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Anxious and Healthy Adolescents Respond Differently to an Anxiety-provoking Situation

Science Update

Brain scans show heightened activity among anxious adolescents exposed to an anxiety-provoking situation when compared with normal controls, according to an NIMH study published in the November 2008 issue of the Archives of General Psychiatry.

In the new study by Amanda Guyer, PhD., of NIMH and colleagues at Georgia State University, Catholic University, NIMH, and the University of Maryland, 14 adolescents with significant anxiety about social situations and 14 healthy adolescents were told that they were going to participate in Internet chat rooms. Each participant would chat with a peer whom the participant wanted to chat with and who wanted to chat with the participant.

To select those they wanted to chat with, participants looked at photographs of peers and sorted them into categories of less desirable or more desirable. Then the participants were photographed. They were told that the peers would receive their photographs and would find out how the participants rated their desirability. The peers would similarly rate how interested they were in chatting with the participants.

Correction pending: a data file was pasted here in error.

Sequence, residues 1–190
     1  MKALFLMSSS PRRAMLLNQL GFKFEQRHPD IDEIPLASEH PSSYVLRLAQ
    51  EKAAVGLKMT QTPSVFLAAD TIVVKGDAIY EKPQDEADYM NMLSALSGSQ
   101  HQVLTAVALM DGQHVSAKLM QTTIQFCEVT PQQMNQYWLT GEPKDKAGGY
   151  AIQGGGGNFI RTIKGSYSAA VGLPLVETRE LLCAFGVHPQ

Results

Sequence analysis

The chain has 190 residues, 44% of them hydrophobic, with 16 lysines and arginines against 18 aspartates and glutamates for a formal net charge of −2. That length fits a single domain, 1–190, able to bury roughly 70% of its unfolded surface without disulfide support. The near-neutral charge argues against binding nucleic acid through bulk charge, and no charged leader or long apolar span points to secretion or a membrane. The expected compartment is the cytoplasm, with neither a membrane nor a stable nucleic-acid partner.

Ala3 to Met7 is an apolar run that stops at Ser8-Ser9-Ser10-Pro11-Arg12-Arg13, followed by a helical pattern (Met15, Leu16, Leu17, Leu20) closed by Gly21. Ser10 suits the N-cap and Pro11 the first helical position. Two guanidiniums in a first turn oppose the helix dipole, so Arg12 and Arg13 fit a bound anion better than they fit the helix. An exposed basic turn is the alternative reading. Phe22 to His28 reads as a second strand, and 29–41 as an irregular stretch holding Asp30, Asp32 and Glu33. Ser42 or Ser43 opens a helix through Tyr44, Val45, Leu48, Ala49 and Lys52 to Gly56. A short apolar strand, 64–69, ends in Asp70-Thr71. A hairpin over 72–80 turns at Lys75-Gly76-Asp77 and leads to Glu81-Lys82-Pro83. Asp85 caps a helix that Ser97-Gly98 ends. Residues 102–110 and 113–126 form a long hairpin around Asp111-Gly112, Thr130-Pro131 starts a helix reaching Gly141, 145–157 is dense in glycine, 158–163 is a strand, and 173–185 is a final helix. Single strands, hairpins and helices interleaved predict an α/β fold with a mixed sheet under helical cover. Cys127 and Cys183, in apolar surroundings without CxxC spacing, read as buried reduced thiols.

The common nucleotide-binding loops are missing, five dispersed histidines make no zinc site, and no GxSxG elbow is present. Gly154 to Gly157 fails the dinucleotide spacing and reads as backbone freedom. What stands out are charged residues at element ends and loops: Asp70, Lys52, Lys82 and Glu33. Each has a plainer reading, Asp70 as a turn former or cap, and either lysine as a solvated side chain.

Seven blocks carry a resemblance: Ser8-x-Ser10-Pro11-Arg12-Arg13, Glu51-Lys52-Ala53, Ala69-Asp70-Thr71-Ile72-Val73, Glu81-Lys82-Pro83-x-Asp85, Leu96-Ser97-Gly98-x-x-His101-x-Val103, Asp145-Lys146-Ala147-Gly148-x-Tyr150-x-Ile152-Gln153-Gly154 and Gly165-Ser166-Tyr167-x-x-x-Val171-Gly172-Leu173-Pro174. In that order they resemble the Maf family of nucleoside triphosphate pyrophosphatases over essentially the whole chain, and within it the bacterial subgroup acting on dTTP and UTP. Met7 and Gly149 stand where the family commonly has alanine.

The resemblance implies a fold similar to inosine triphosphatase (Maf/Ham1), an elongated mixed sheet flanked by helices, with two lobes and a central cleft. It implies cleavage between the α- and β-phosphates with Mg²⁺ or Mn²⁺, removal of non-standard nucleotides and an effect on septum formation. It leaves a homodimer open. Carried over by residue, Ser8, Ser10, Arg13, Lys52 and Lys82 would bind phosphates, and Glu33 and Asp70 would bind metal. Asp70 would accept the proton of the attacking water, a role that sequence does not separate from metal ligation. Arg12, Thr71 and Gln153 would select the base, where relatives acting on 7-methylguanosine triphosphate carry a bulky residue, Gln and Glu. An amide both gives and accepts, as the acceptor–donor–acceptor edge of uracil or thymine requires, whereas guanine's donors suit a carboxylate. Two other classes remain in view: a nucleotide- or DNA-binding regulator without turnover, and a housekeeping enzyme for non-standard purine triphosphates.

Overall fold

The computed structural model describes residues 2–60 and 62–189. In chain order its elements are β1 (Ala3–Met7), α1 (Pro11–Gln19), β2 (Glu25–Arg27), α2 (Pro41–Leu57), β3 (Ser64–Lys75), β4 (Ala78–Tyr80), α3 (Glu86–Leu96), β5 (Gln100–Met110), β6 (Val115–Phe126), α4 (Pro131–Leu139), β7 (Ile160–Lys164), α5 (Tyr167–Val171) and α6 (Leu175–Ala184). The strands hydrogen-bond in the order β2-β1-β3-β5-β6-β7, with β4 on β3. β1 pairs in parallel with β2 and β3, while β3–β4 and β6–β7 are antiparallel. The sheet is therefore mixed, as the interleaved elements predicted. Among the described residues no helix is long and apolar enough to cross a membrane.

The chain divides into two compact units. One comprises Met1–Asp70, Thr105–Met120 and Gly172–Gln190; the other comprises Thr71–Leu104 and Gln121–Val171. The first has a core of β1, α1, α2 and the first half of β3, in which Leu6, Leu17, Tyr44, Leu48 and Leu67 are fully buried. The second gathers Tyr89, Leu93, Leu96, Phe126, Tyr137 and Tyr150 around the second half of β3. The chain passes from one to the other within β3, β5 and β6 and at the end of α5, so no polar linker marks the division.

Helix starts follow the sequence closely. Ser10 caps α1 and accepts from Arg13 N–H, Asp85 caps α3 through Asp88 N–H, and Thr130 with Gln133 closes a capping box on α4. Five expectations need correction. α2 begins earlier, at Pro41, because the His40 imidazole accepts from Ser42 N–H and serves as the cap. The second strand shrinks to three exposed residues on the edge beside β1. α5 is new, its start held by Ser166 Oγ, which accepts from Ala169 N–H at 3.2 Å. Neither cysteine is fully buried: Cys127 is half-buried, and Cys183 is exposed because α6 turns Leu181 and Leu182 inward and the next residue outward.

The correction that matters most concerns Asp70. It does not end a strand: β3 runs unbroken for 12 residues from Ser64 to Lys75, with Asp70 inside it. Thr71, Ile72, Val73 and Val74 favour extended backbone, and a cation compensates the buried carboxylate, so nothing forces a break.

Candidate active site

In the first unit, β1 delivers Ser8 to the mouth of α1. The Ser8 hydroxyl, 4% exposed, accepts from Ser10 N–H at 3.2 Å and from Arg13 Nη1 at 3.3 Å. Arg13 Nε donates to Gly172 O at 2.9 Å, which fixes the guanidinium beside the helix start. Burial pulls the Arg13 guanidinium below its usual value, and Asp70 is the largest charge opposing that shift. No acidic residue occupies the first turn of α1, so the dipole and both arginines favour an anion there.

Two weeks later, the participants underwent functional magnetic resonance imaging scans of their brain activity while looking at pictures of the peers they had rated. Participants were asked to describe how they thought the peers rated them in return.

When anxious adolescents were anticipating evaluation from peers whom they had rated as less desirable—an anxiety-provoking situation—their scans showed increased activation of the amygdala, a fear processing, almond-shaped hub deep in the brain. This increase was much greater than that noted in the scans of healthy adolescents anticipating evaluation from peers whom they had rated as less desirable.

The scans also revealed a perturbed engagement of the amygdala and ventrolateral prefrontal cortex, a part of the brain thought to regulate emotion, in the anxious adolescents when compared with the healthy participants. Disturbances in the association between the amygdala and the ventrolateral prefrontal cortex, which is located behind the eyes and the forehead, are thought to influence anxiety.


Guyer AE, Lau JYF, McClure-Tone EB, Parrish J, Shiffrin ND, Reynolds RC, Chen G,Blair RJR, Leibenluft E, Fox NA, Ernst M, Pine DS, Nelson EE. Amygdala and Ventrolateral Prefrontal Cortex Function during Anticipated Peer Evaluation in Pediatric Social Anxiety. Archives of General Psychiatry. 2008; 65(11):1303-1312.